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# padEnd String Method in JavaScript

With padEnd, it adds characters to the end of a string so it reaches a specified length. This is great for us to add some padding to display our strings in a tabular format. Isn't it so much easier to read, yay ๐Ÿน

// Display String in Tabular Format with padEnd

// โŒ
'Day: Monday' + 'Drink: ๐Ÿต'
'Day: Saturday' + 'Drink: ๐Ÿน'

// โœ…
'Day: Monday'.padEnd(20) + 'Drink: ๐Ÿต'
'Day: Saturday'.padEnd(20) + 'Drink: ๐Ÿน'

# padEnd Parameters

The padEnd accepts 2 parameters:

string.padEnd( <length>, <character>)

# 1st Parameter: Length

This is the final length of your result string. It is required.

Let's say you begin with a string that has 3 characters. And you set the length to be 5 characters. That means, padEnd will pad it with 2 characters so the total length meets your target length of 5 characters.

Here's an example. I'm denoting the space character with ยท to show you the padded space.

'abc'.padEnd(5);

// abcยทยท

# 2nd Parameter: Character

This is an optional parameter. As you see from above, the default padded character is an empty space. However, you might want to pad it with a different character. No problem! Just pass it here.

'hi'.padEnd(10, '!');

// 'hi!!!!!!!!'

# Tabular Format only works with Monospace Font

So in my example of using padEnd to create table formatted string. One thing to note is that it only works with Monospace Font.

A monospaced font, also called a fixed-pitch, fixed-width, or non-proportional font, is a font whose letters and characters each occupy the same amount of horizontal space.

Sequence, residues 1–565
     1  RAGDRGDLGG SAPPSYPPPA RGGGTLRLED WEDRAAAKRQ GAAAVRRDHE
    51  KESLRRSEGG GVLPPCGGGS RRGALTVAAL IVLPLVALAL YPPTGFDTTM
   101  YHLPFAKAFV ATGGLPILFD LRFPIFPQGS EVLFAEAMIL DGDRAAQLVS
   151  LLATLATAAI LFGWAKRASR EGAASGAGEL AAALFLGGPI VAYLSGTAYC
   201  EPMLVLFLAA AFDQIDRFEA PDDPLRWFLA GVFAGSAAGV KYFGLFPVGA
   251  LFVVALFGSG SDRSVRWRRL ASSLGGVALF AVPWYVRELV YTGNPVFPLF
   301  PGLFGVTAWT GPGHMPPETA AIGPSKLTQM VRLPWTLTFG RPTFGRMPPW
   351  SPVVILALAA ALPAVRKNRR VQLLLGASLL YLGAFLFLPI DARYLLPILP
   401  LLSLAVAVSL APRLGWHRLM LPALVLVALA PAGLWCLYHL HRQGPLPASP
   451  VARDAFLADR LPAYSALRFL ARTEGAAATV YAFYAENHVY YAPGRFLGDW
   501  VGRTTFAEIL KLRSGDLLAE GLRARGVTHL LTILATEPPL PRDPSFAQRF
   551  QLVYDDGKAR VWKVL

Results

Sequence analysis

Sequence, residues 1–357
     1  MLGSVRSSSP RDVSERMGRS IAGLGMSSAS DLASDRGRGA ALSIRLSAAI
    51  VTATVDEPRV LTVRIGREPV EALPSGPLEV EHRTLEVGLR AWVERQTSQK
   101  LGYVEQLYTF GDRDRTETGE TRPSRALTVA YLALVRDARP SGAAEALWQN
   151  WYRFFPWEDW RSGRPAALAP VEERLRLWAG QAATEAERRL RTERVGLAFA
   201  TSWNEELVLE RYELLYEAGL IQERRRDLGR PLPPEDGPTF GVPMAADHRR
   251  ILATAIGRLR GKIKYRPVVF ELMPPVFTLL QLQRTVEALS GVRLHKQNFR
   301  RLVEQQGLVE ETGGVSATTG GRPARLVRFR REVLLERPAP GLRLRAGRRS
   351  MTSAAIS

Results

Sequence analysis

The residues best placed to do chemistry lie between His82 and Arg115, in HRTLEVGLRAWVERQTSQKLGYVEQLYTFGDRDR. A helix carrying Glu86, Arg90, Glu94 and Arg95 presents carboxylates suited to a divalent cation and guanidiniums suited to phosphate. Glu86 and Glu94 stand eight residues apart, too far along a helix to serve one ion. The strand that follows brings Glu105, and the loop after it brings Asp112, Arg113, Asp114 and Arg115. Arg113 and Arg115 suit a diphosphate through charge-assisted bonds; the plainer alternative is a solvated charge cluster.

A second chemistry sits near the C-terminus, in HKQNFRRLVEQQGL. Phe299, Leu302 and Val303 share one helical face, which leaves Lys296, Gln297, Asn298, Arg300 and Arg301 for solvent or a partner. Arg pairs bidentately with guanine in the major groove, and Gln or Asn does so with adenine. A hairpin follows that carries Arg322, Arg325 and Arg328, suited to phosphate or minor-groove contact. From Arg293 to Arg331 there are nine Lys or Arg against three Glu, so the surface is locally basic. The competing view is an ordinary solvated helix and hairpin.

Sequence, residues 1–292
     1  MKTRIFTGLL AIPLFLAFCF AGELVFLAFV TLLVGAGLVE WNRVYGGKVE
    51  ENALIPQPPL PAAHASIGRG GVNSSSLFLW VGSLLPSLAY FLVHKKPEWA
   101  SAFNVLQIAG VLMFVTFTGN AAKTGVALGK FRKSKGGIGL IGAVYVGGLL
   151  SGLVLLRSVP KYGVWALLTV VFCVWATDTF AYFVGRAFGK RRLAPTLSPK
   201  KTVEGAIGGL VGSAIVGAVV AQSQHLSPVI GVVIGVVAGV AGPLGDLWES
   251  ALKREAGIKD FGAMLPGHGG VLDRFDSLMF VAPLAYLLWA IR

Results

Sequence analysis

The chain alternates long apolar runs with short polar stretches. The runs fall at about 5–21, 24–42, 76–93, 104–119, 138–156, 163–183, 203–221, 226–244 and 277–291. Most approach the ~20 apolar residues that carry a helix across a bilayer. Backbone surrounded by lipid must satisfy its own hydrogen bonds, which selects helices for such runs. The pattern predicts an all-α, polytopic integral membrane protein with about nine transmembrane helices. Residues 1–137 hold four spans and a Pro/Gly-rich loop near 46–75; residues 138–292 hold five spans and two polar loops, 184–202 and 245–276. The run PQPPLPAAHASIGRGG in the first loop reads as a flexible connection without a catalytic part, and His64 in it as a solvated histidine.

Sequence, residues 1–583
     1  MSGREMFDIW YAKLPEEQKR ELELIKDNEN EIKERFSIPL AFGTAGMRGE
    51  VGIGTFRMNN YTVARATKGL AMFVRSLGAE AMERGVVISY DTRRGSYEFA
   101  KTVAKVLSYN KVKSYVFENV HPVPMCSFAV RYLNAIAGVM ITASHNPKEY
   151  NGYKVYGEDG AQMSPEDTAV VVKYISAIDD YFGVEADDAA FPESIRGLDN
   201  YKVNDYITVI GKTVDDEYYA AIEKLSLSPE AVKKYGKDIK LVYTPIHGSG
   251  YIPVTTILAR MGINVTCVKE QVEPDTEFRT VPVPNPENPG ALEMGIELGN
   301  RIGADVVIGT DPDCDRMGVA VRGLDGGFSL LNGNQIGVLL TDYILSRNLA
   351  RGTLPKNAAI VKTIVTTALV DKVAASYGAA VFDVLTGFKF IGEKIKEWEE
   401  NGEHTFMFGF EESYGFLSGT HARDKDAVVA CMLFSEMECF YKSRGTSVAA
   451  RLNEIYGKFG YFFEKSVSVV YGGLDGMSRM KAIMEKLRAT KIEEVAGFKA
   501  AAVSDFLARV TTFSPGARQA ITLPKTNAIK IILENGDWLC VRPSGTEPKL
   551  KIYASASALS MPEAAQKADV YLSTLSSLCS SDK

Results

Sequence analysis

Wikipedia

Proportional-vs-monospace-v4.jpgBy Garethlwalt - Own work, CC BY 3.0, Link

Fonts such as "Roboto" or "Monaco" are Monospace Font. Meaning each character will have the same width. Whereas fonts such as "Times New Roman" are not monospace. They are proportional, so each character will have different widths. And since each character has a different width, it would be hard to create the Table format using padEnd.

# padEnd vs padStart

The purpose of string padding is to add characters to a string, so the outcome has a specific length.

padEnd adds characters at the end of the string. Whereas padStart adds characters at the start of the string

padEnd

'hello '.padEnd(10, '๐Ÿ‘‹');

// 'hello ๐Ÿ‘‹๐Ÿ‘‹'

padStart

' hello'.padStart(10, '๐Ÿ‘‹');

// '๐Ÿ‘‹๐Ÿ‘‹ hello '

# Watch out! padEnd with emojis

If you're padding with emojis, you might run into this issue.

'hello '.padEnd(11, '๐Ÿ‘‹');

// 'hello ๐Ÿ‘‹๐Ÿ‘‹๏ฟฝ'

Notice the last "๐Ÿ‘‹" is not displayed. But instead "๏ฟฝ" is shown. Well, that's because emojis are typically made up of 2 characters.

'๐Ÿ‘‹'.length === 2 // true

So if you're padding with emojis, just be mindful that the emoji might be cut off if you don't provide it enough length.

# Community Input

  • @2alin: Just something to add: to have a tabular style use, the font should be mono-space and HTML render will remove any extra space; which makes such application important mainly in information displayed in the terminal.

  • @Cilly_Boloe: padEnd and padStart example โ†’ link

# Resources


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